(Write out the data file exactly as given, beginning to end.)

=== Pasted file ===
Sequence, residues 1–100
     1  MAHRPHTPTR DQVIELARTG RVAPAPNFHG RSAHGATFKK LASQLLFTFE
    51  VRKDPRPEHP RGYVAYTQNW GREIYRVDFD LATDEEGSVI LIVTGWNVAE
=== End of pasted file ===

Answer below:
Sequence, residues 1–100
     1  MAHRPHTPTR DQVIELARTG RVAPAPNFHG RSAHGATFKK LASQLLFTFE
    51  VRKDPRPEHP RGYVAYTQNW GREIYRVDFD LATDEEGSVI LIVTGWNVAE